Coming This Fall … More Media Deregulation

For those disturbed by CNN and the
networks’ framing of the Sept. 11 terrorist attack
through such Hollywood-inspired slogans as
“American Under Attack” and “America Strikes
Back,” there is cause for even greater concern.
This fall, two media ownership laws will be
reconsidered by the Federal Communications
Commission, and given the commission’s Republican
majority, both will likely be thrown out.

For those disturbed by CNN and the
networks’ framing of the Sept. 11 terrorist attack
through such Hollywood-inspired slogans as
“American Under Attack” and “America Strikes
Back,” there is cause for even greater concern.
This fall, two media ownership laws will be
reconsidered by the Federal Communications
Commission, and given the commission’s Republican
majority, both will likely be thrown out.


First up for review is the 25-year-old rule
baring any single media company from owning both a
newspaper and a radio or television station in the
same market. The other rule likely to be tossed
stipulates that no media company can reach more
than 35 percent of U.S. television households.

Striking either of these laws would lay the
groundwork for even more media mega-mergers;
striking both at the same time would virtually
guarantee it.


“It is very likely that the
television market will resemble the auto industry,
where there are only three or four major players,”
Scott Cleland, an analyst for the Precursor Group,
a Washington-based research group, told the Los
Angeles Times on Oct. 22.


Americans don’t
pay much attention to the FCC, which is good for
the media industry. It’s also good for the FCC,
which is now headed by Michael K. Powell (son of
Colin), since Powell tends to view the media
industry like a media executive.

At a luncheon
sponsored by the Hollywood Radio and Television
Society on Oct. 19, Chairman Powell made clear
that he is no foe of media consolidation, and even
sees consolidation as a means for diversification
(sort of like those who see doing away with
affirmative action as a means for improving equal
opportunity).


“Media and television are
more diverse in 2001 than any other time in our
history,” said Powell, as if he were a character
out of an Orwell novel. “With more diversity,
there’s more fragmentation, and with fragmentation
it’s hard to make money.”


You can see media
executives heads wag, can you not? Especially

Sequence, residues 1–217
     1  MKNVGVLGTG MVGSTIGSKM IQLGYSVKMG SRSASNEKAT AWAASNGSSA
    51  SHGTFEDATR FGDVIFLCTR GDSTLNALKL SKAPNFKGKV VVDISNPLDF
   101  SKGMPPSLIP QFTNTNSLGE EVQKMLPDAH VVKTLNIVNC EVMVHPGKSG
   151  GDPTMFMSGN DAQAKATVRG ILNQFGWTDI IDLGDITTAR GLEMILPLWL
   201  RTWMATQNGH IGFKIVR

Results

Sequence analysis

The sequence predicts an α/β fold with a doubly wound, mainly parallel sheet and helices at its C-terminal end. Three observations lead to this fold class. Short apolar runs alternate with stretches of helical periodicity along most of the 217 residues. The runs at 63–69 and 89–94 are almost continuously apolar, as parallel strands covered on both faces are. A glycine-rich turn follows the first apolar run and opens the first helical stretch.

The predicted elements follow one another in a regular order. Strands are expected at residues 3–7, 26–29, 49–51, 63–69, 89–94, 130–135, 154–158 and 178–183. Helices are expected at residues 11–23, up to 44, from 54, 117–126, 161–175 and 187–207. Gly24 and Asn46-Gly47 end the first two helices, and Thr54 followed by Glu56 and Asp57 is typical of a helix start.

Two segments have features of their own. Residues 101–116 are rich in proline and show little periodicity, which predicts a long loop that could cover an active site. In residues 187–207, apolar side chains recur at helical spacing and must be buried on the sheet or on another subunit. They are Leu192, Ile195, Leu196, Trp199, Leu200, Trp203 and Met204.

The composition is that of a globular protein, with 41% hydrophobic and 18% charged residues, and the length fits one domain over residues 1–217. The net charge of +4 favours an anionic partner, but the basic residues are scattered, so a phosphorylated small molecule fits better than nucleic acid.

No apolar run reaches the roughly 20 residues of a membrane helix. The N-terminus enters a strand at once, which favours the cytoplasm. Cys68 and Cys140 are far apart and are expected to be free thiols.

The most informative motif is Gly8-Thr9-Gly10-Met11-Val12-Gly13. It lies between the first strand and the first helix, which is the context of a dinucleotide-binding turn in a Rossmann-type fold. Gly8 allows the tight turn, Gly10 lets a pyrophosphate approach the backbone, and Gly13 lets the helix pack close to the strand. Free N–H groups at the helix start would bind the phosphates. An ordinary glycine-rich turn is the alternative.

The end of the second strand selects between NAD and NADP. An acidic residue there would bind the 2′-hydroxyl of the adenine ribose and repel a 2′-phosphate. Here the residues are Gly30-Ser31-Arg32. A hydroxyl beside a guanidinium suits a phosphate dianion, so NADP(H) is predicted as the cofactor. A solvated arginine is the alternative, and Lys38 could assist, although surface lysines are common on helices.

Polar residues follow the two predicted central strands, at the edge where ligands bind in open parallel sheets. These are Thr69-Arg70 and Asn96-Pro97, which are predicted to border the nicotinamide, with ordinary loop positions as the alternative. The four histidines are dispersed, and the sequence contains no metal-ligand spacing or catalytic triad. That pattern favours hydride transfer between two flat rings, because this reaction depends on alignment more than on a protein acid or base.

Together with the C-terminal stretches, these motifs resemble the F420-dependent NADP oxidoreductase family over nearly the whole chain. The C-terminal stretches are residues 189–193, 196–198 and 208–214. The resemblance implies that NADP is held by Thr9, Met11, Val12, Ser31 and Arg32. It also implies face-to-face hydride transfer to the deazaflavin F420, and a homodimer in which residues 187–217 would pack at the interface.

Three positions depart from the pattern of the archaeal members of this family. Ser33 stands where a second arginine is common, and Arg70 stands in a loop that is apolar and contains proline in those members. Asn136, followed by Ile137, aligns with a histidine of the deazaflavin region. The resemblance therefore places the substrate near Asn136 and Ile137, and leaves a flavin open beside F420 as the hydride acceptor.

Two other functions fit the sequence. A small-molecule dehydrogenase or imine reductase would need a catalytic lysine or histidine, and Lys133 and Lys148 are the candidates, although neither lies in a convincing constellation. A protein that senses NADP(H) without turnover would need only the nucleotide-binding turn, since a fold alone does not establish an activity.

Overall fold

since media companies have been quick to report
their heavy losses from round-the-clock reporting
of the post-Sept. 11 disaster. Now, in light of the estimated
$100 million news companies spent covering the war
against terrorism and the estimated $500 million
in advertising revenue lost, they have even more
to cry about — and they can do it in the name of
public service.


FCC
Chairman Powell may believe, in twisted fashion,
that today’s television news exemplifies the
greatest diversity of voices in history and that
consolidating the media business from its current
fragmented state of eight or nine giants to a
streamlined cast of four will ensure a greater
cross-section of views. But history shows
otherwise.


Since the initial media deregulation of
the Ronald Reagan era, changes in FCC ownership
policy have brought about drastic budget cuts in
the news departments of TV networks because they
are now owned by entertainment conglomerates like
Disney that focus on the bottom line.


The results? News staff have been reduced.
Investigative units have been gutted. Foreign
bureaus closed.


Out of this morass has come
low-cost talking heads shows of the Fox News
variety, a hunt for eyeballs through ever more
lengthy and sensationalistic coverage of scandals
involving public figures and news that amuses —
infotainment.



This November, Jeff Chester’s Center for Digital
Democracy, is launching a letter-writing campaign
(
http://www.democraticmedia.org/getinvolved/contactwhitehouse/index.html
) to
protest the FCC’s deregulatory agenda.

Concerned media watchers should join it, or willfully
enter the golden era of Orwellian television news
programming.

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]

Author: Tamara Straus

News Service: AlterNet – October 23, 2001

URL: http://www.alternet.org/story.html?StoryID=11789